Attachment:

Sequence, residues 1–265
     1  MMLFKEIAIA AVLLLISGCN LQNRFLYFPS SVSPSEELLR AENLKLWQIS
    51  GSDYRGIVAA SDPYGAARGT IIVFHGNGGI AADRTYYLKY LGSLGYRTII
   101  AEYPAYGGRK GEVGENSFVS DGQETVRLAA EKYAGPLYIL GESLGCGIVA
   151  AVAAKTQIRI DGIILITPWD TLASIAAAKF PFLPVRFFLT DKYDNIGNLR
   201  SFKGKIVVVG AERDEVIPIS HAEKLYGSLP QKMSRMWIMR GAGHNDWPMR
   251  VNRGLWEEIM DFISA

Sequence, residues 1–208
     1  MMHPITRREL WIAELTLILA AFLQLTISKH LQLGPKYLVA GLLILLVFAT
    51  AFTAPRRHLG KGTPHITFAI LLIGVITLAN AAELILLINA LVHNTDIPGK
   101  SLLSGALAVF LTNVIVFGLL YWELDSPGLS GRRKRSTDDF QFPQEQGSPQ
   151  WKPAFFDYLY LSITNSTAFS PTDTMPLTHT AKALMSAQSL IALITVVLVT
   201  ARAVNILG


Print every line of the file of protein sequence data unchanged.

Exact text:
Sequence, residues 1–265
     1  MMLFKEIAIA AVLLLISGCN LQNRFLYFPS SVSPSEELLR AENLKLWQIS
    51  GSDYRGIVAA SDPYGAARGT IIVFHGNGGI AADRTYYLKY LGSLGYRTII
   101  AEYPAYGGRK GEVGENSFVS DGQETVRLAA EKYAGPLYIL GESLGCGIVA
   151  AVAAKTQIRI DGIILITPWD TLASIAAAKF PFLPVRFFLT DKYDNIGNLR
   201  SFKGKIVVVG AERDEVIPIS HAEKLYGSLP QKMSRMWIMR GAGHNDWPMR
   251  VNRGLWEEIM DFISA

Sequence, residues 1–208
     1  MMHPITRREL WIAELTLILA AFLQLTISKH LQLGPKYLVA GLLILLVFAT
    51  AFTAPRRHLG KGTPHITFAI LLIGVITLAN AAELILLINA LVHNTDIPGK
   101  SLLSGALAVF LTNVIVFGLL YWELDSPGLS GRRKRSTDDF QFPQEQGSPQ
   151  WKPAFFDYLY LSITNSTAFS PTDTMPLTHT AKALMSAQSL IALITVVLVT
   201  ARAVNILG